Makefiles. Why Projects Fail. Process. Etc.

It feels like spring today.

This year is turning out to be like the last. There are still no flowers, although the bulbs we planted last autumn are pushing through the ground. The leaves will likely come late, too, despite budding after a 70 degree day in January.

Even though it might snow tonight, I’ve come out of my den to look around and survey a winter’s worth of earnest work. Here are some random thoughts mostly in a software engineering vein that I’ve had over the long, cold winter. (If you’re looking for something related to human vision, consider V1, a site about “the primary visual cortex.” If you come here for photography, stay tuned.)

Makefiles are what UNIX-based programmers (and ambitious Windows programmers) use to build software, manage dependencies, and create a common set of compilation parameters. Working with makefiles is hard, and I think that most of the difficulty comes down to the difference between imperative versus declarative languages.

In the real nonacademic world more than 99% of software developers develop applications in imperative languages, where you tell the system how you want it to do things. Makefiles take a radically different approach. As a declarative language, you tell what you want the result to be and then leave it up to the make application to figure out how to do it. It takes a bit of brain rewiring to shift from working with code where you can trace what’s happening to code where you look at the inputs, the desired outputs and the parameters. It’s a shift from knowing what individual commands do to knowing how the whole system works behind the scenes.

Construx Software, Steve McConnell’s software best practices company, published a white paper on classic software engineering project mistakes a couple months ago. I participated in the survey and was interested in seeing the results. Here are the biggest mistakes according to risk exposure:

  1. Unrealistic expectations [2]
  2. Overly optimistic schedules [1]
  3. Short-changed quality assurance [4]
  4. Wishful thinking [7]
  5. Confusing estimates with targets [9]
  6. Excessive multi-tasking [3]
  7. Feature creep [6]
  8. Noisy, crowded offices [5]
  9. Abandoning planning under pressure [11]
  10. Insufficient risk management [8]

The numbers in square brackets are the ranks of how often the mistakes happen in projects.

Jeff Atwood posted a very interesting article about software process. He doesn’t come right out and say “Process! Bah, who needs it?” But he does invite a contrast between what professional software organizations need when they aim for process compliance and the open source projects that frequently shun repeatable processes. He also highlights the trade-off between process management and delivering features. The comments provide interesting food for thought for people seeking to optimize their process and/or deliver new features.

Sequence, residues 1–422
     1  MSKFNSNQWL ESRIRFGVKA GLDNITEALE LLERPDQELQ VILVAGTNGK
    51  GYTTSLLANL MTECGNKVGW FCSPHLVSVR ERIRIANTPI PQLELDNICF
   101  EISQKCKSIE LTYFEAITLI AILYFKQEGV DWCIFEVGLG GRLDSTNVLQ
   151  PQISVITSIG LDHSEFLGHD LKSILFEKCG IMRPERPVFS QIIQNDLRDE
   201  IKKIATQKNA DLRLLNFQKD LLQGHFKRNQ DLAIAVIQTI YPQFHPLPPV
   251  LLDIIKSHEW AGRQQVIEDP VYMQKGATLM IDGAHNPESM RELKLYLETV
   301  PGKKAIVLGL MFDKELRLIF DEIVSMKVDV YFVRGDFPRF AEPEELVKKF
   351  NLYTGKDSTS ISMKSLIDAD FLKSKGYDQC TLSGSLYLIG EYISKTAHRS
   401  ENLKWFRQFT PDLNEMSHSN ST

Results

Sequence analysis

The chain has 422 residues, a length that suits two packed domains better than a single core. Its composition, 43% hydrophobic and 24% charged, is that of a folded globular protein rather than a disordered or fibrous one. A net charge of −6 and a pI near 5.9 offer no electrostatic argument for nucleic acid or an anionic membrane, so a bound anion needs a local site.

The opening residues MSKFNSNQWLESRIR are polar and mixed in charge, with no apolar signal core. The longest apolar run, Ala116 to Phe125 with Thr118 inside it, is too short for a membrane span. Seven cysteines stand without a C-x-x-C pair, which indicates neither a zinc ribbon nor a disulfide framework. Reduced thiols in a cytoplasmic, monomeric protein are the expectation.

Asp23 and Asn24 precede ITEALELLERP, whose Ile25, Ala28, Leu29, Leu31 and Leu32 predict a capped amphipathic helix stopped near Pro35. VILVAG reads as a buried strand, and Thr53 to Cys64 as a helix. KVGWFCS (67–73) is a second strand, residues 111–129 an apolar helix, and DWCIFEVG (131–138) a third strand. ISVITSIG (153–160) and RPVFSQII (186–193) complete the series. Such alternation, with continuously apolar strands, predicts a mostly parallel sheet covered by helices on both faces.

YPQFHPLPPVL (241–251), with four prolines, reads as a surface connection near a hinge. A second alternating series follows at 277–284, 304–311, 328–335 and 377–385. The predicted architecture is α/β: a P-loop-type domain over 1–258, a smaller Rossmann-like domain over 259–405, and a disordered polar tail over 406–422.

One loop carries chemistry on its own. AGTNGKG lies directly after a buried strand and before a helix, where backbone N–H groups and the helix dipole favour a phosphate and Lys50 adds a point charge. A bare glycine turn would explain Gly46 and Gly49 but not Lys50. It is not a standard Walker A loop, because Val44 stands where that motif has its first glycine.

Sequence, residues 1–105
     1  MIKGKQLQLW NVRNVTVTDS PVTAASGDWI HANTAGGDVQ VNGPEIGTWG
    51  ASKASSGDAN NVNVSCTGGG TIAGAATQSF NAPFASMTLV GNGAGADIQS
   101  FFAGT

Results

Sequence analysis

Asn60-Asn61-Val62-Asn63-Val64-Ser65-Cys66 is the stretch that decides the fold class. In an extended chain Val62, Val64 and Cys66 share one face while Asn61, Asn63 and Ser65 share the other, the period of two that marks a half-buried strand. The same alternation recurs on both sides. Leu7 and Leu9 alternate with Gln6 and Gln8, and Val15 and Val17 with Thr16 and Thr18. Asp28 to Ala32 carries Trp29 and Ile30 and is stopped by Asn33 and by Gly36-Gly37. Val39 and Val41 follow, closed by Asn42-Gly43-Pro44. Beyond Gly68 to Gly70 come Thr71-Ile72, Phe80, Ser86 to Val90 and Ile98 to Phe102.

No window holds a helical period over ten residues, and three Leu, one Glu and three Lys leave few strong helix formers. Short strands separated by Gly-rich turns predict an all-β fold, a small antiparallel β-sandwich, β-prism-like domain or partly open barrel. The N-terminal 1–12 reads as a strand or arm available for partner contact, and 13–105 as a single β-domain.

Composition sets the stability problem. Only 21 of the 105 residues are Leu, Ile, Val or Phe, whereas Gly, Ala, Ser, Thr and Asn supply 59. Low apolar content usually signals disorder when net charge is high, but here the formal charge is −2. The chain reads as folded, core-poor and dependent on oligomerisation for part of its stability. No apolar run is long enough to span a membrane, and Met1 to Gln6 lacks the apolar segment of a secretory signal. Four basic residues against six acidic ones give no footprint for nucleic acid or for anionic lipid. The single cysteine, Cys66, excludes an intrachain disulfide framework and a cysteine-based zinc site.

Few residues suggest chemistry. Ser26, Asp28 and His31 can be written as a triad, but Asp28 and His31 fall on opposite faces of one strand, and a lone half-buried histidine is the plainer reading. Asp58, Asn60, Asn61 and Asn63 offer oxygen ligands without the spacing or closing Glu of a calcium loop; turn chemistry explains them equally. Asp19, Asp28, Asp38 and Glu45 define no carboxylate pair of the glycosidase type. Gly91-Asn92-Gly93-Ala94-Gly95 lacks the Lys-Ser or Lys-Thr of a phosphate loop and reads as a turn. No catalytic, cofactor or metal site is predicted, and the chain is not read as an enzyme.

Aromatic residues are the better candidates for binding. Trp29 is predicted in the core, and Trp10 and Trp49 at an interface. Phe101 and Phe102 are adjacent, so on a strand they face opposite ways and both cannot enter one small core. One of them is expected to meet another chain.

This is the final week of the spring semester. Shortly I’ll be 7/10 done with my software engineering program. This is my first semester without any theory classes, which is why I’ve had to go to the web for the deep insights. Instead, this semester I’ve been learning about the mysteries of UNIX programming: users, filesystems, processes, pipes, etc.

If all goes according to plan, my last three courses will be all C++ all the time, with an object-oriented design course thrown in for good measure. It’s nice how all of my courses have dove-tailed with what I’m doing at work. I’m going in a new direction at work, and I think this pattern of learning things I can use right away will continue. . . .

This entry was posted in Life Lessons, Software Engineering, Worthy Feeds. Bookmark the permalink.

3 Responses to Makefiles. Why Projects Fail. Process. Etc.

  1. mary says:

    i watched “helvetica” last week and thought of you. have you seen it?

  2. Jeff Mather says:

    I have seen “Helvetica,” and I liked it a lot. I have to confess a soft spot for modernist design and how it looks so clean and minimalist. So I’m naturally a sucker for sans serif fonts, like Helvetica and (especially) Gill Sans. But I also appreciated the way the film presented the viewpoint of modernist typefaces and design as soulless and bourgeois. I am a man of contradictions.

  3. mary says:

    i don’t think that’s a contradiction – you can be a fan of both minimalist fonts and super crazy shit that looks hand-drawn if you want :)

    i do like helvetica, and i like it even more after seeing the movie, but i am still big on serif fonts. i just love those extra little pixels!

    (did you have a hard time watching that one guy talk? i can’t remember his name, but his tongue was out of control – every time he came on screen, lizzy, adam, and i would hold up our hands to block his mouth. i swear we were not intoxicated!)

Leave a Reply

Your email address will not be published. Required fields are marked *

You may use these HTML tags and attributes: <a href="" title=""> <abbr title=""> <acronym title=""> <b> <blockquote cite=""> <cite> <code> <del datetime=""> <em> <i> <q cite=""> <strike> <strong>